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Health characteristics of women beginning postmenopausal hormone therapy: have they changed since the publication of the Women’s Health Initiative?

Fournier, Agnès PhD1,2; Fritel, Xavier MD, PhD2,3,4; Panjo, Henri MSc2,3,5; Zins, Marie MD, PhD6,7; Ringa, Virginie MD, PhD2,3,5

doi: 10.1097/GME.0000000000000159
Original Articles
Editorial

Objective: After we demonstrated a substantial drop in postmenopausal hormone therapy (HT) in France after 2002, we sought to compare health characteristics assessed before menopause and reasons for beginning treatment among women who started postmenopausal HT before and after this year.

Methods: Among participants of the GAZEL (GAZ and ELectricité) cohort of employees of the French national power company, we studied 1,229 women who reached menopause before 2002 and 562 women who reached menopause after 2002. We analyzed HT use among these newly postmenopausal women before and after 2002 and its relations to self-rated health, simple and troublesome hot flushes, and various other symptoms before menopause.

Results: After 2002, compared with before 2002, women starting HT were more likely to have reported troublesome hot flushes before menopause (odds ratio, 2.3; 95% CI, 1.0-5.4). The groups of new HT users did not differ significantly except for health characteristics. Significantly higher proportions of women starting HT reported using it for hot flushes (68.1% vs 52.9%, P = 0.02) and sleep disorders (11.1% vs 2.8%, P = 0.001) and a significantly lower proportion of women starting HT reported using it for osteoporosis prevention (12.5% vs 43.9%, P < 0.001) after 2002 than before 2002.

Conclusions: After 2002, HT tended to be prescribed for more severe hot flushes, but almost one third of prescriptions were still written for reasons not linked to hot flushes. Doctors seem to be following recommendations to not use HT as a first-line treatment of osteoporosis.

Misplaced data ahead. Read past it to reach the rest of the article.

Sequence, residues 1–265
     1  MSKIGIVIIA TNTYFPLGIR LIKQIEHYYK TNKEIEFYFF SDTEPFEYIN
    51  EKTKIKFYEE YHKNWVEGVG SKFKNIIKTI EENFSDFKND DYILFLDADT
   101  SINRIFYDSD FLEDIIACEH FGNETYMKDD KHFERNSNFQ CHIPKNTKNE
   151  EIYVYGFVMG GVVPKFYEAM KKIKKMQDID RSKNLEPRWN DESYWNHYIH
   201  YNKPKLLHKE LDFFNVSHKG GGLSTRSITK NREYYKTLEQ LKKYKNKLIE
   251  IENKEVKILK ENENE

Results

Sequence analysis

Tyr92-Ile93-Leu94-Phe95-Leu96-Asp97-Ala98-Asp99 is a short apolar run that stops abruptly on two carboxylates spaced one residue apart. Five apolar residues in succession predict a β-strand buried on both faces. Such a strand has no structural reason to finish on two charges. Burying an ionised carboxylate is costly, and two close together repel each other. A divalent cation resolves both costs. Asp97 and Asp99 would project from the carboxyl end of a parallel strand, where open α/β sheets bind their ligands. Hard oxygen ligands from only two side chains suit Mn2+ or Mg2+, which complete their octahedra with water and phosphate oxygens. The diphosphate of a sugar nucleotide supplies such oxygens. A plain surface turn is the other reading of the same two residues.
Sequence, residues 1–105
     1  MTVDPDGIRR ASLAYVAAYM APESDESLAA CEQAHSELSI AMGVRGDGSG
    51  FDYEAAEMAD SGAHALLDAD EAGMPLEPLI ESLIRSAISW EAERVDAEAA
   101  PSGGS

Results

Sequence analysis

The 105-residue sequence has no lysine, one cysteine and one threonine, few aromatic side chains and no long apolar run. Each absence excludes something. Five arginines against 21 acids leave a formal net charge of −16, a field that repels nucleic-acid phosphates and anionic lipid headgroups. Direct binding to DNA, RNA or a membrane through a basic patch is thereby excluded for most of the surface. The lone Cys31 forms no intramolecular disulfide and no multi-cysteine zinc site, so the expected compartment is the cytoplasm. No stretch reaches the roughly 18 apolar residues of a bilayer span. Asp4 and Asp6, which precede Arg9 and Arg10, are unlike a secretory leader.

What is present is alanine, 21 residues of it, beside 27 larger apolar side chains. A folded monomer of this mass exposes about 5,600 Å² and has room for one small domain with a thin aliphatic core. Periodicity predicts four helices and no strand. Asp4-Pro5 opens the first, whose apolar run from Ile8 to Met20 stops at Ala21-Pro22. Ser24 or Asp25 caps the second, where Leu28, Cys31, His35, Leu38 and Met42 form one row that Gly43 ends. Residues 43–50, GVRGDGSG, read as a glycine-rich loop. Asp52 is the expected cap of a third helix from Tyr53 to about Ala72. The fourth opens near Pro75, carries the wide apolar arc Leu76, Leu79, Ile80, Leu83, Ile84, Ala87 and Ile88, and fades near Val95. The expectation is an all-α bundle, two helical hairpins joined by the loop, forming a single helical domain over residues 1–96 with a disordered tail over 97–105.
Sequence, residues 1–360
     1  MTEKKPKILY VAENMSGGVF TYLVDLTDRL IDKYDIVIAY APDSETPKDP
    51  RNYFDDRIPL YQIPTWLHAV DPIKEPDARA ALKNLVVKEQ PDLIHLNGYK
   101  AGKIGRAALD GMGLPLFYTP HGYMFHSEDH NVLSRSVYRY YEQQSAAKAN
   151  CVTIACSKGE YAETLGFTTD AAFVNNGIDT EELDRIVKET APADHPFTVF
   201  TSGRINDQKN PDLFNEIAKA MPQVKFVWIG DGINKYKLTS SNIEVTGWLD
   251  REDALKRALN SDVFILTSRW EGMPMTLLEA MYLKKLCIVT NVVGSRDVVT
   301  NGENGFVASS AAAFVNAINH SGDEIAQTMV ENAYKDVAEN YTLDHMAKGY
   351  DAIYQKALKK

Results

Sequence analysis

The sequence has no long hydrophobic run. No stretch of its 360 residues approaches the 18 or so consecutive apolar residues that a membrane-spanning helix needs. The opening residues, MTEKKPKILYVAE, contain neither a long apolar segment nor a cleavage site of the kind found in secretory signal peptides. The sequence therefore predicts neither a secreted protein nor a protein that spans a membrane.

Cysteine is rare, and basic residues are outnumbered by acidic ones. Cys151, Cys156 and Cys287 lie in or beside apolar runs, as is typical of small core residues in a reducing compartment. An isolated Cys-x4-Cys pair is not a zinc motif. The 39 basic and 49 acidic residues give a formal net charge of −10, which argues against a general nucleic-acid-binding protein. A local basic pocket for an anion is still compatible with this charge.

From the 1Nutrition, Hormones, and Women’s Health Team, INSERM U1018, Center for Research in Epidemiology and Population Health, Villejuif, France; 2UMRS 1018, Univ Paris Sud, le Kremlin Bicêtre, France; 3Gender, Sexual and Reproductive Health Team, INSERM U1018, Center for Research in Epidemiology and Population Health, le Kremlin Bicêtre, France; 4Service de Gynécologie-Obstétrique et Médecine de la Reproduction, INSERM CIC802, CHU de Poitiers, Université de Poitiers, Poitiers, France; 5INED, Paris, France; 6Population-Based Cohorts Research Platform, INSERM U1018, Center for Research in Epidemiology and Population Health, Villejuif, France; and 7UMRS 1018, Université Versailles-Saint-Quentin, Villejuif, France.

Received August 12, 2013; revised and accepted October 18, 2013.

Funding/support: The GAZEL (GAZ and ELectricité) cohort study was funded by Electricité de France-Gaz de France and Institut National de la Santé et de la Recherche Médicale, and received grants from the Cohortes Santé TGIR Program, Agence Nationale de la Recherche, and Agence française de sécurité sanitaire de l’environnement et du travail. Agence Nationale de Sécurité du Médicament et des Produits de Santé allocated specific funding for this particular study.

Financial disclosure/conflicts of interest: None reported.

Address correspondence to: Virginie Ringa, MD, PhD, INSERM U1018, Center for Research in Epidemiology and Population Health, Equipe 7, hôpital de Bicêtre, 82 rue du Gal Leclerc, le Kremlin Bicêtre 94276, France. E-mail: Virginie.ringa@inserm.fr

© 2014 by The North American Menopause Society.